Vale Wildlife Hospital and Rehabilitation Centre is one of the UK’s largest specialist centres, caring for thousands of hedgehogs every year. Many arrivals are malnourished orphans or underweight autumn juveniles. The internet offers plenty of advice on what to feed hedgehogs – but unfortunately much of it is wrong. In this leaflet Vale answers your questions about what’s right for the hedgehogs that visit your garden.
Hedgehogs are chiefly insectivores, often travelling a mile or more by night in search of food. Their diet includes beetles, caterpillars and earthworms, alongside fruit, birds’ eggs and the odd small animal. Such a wide-ranging menu ensures a hedgehog’s natural diet is perfectly balanced to suit its nutritional needs.
Many foods are suitable. These include good quality meaty cat or dog food, cat complete biscuits, and the wide range of commercial hedgehog foods you can find in garden centres, pet shops and online. Your food should be a modest supplement to a hedgehog’s natural diet. Consider it a lucky find: tasty, nutritious, and helping to make best use of precious foraging time, but without altering the overall balance of a hedgehog’s diet. Regularly providing too much food – especially too much of any single ingredient – might inadvertently do more harm than good. Put out just a little each night in a shallow-sided bowl, and ensure fresh water is available, too.
In almost all cases the answer is ‘yes’. Because they’re blended from several ingredients, they won’t significantly alter the overall balance of a hedgehog’s diet. Responsible manufacturers will ensure their recipes have a safe calcium to phosphorus ratio, with no more than two parts phosphorus to one part calcium. There’s more on this below. Check the pack or contact us if you’re in doubt. As with any food you put out, a little is enough.
Once upon a time popular advice was to feed ‘bread & milk’. We now know this is wrong. Hedgehogs can’t digest the high lactose content of cow’s milk, and it can even be fatal.
Also be careful with ‘wet’ pet foods. While they’re OK as a supplement when natural food is scarce, remember they deteriorate more quickly than semi-moist or dry foods. They should therefore be disposed of regularly if uneaten.
You’ll find articles on the internet claiming that mealworms are harmful for hedgehogs, being a possible cause of metabolic bone disease. This is true if they’re given in large quantities on a regular basis, particularly to growing juvenile hedgehogs whose bones are still developing.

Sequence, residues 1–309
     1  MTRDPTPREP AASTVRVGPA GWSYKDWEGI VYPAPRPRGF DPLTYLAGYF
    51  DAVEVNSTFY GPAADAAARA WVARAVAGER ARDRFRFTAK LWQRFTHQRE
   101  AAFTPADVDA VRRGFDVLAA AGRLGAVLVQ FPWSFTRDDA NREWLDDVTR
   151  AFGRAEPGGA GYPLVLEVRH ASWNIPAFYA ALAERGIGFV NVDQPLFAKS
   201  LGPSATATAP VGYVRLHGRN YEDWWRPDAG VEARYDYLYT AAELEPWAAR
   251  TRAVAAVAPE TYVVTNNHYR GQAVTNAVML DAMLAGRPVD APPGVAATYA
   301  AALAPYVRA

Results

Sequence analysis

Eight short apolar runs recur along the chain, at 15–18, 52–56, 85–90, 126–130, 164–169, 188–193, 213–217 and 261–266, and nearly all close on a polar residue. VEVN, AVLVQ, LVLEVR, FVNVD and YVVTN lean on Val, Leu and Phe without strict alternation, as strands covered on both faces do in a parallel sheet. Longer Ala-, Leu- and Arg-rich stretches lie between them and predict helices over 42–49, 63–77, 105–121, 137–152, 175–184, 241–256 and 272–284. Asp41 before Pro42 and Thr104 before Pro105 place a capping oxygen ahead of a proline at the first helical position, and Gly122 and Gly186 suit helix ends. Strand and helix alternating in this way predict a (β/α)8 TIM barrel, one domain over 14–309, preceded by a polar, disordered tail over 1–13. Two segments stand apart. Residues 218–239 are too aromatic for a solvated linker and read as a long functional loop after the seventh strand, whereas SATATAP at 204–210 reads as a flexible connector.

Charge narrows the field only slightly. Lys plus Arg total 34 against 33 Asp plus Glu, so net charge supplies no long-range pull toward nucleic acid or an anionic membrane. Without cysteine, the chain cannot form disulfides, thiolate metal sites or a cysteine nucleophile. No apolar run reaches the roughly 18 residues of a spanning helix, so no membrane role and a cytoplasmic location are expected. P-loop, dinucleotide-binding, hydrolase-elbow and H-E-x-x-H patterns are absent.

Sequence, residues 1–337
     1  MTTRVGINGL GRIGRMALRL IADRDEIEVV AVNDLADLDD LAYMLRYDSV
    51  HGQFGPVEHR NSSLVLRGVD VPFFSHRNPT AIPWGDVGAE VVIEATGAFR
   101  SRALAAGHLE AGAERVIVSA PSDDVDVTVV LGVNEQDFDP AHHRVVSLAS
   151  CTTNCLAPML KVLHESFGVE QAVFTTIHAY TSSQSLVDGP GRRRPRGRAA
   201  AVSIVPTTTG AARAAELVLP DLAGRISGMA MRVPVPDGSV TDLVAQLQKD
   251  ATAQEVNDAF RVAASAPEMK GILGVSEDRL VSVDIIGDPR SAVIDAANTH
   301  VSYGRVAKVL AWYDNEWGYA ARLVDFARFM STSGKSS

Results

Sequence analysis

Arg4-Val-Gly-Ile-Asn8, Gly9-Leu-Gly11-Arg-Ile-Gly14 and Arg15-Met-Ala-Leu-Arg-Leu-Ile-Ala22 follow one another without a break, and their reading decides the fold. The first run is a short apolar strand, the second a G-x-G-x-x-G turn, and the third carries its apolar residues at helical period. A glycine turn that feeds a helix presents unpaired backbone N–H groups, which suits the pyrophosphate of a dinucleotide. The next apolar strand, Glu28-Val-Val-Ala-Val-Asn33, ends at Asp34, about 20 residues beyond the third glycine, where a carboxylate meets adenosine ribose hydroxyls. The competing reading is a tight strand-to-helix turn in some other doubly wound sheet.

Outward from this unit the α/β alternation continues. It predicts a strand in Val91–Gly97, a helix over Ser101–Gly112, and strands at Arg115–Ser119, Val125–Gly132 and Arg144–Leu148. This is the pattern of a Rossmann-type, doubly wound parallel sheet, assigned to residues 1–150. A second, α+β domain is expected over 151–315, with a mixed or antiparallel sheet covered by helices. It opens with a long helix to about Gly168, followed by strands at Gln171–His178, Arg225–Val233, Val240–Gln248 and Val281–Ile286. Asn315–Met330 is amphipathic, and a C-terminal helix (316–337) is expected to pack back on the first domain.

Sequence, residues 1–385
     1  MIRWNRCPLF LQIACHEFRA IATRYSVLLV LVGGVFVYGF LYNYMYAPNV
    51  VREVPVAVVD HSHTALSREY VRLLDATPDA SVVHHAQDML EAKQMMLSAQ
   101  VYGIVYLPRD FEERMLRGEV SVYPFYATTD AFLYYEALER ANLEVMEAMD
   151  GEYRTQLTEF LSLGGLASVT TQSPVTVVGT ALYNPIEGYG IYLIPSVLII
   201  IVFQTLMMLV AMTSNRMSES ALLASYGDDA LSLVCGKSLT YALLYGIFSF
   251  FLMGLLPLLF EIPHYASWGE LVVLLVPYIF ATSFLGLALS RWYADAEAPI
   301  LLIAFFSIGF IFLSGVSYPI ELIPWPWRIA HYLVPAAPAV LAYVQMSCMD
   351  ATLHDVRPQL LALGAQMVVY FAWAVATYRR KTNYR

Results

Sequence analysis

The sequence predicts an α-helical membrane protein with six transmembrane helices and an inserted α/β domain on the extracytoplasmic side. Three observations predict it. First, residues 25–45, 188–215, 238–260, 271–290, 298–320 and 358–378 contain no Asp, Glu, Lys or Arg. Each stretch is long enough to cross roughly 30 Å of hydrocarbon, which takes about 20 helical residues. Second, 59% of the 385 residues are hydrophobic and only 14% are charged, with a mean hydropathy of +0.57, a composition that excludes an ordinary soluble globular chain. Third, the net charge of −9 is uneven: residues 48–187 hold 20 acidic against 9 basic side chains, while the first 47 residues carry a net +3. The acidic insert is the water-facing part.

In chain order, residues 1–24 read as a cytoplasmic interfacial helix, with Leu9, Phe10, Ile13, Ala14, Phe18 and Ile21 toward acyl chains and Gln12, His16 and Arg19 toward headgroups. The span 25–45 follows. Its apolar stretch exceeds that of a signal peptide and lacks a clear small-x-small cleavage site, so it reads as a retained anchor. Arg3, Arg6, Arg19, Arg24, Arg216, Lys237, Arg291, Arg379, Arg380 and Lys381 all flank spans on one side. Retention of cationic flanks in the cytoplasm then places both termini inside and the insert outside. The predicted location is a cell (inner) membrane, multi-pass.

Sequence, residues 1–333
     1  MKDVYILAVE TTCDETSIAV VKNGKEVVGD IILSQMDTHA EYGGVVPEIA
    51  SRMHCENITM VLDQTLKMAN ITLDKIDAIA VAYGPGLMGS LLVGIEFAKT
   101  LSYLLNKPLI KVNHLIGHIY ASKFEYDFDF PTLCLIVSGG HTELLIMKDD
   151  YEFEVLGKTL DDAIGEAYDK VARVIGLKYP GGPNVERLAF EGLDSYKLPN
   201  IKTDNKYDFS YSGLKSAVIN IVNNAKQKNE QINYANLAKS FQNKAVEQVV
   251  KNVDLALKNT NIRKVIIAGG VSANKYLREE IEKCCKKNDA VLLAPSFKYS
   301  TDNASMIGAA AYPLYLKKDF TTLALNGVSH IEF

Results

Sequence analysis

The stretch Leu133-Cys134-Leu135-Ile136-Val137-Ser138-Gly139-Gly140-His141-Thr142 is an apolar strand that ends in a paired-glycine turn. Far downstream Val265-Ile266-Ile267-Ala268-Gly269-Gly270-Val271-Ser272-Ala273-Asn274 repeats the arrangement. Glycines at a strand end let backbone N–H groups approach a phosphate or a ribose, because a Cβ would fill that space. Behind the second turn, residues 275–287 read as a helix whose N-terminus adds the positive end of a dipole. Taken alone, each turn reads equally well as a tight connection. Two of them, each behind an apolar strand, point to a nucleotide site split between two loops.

So what’s happening? The ratio of calcium to phosphorus in mealworms is very low compared with a hedgehog’s ideal diet. This imbalance causes calcium to be pulled out of the hedgehog’s bones into the animal’s bloodstream in an attempt to ‘correct’ the balance. This in turn can eventually lead to weak and brittle bones.
Mealworms can be safe and nutritious when they form a small part of a nutritionally balanced diet. However, we don’t recommend giving them on their own.
High in energy, protein and other nutrients, nuts and seeds are safe for hedgehogs when – like mealworms – they’re part of a mixture with an acceptable calcium/phosphorus ratio overall. Again, we only recommend giving them as part of a nutritionally balanced diet.
The most important thing you can do is to make sure hedgehogs can come and go in your garden. Do this by cutting a small hole about 13cm square in the bottom of a fence. If your neighbours do this too, you’ll create a network of ‘hedgehog highways’, allowing them to roam freely throughout the neighbourhood.
Also, plant hedges where you can in preference to fences. As well as allowing easy access between gardens, dead leaves that accumulate beneath them provide places for hedgehogs to forage and even hibernate.
Leave any quiet corners of the garden a little wild and scruffy. Piles of leaves and logs – or perhaps a forgotten compost heap – instantly create a hedgehog friendly habitat. Offering somewhere secluded to nest and hibernate, they’re also a wonderful source of insects for food.
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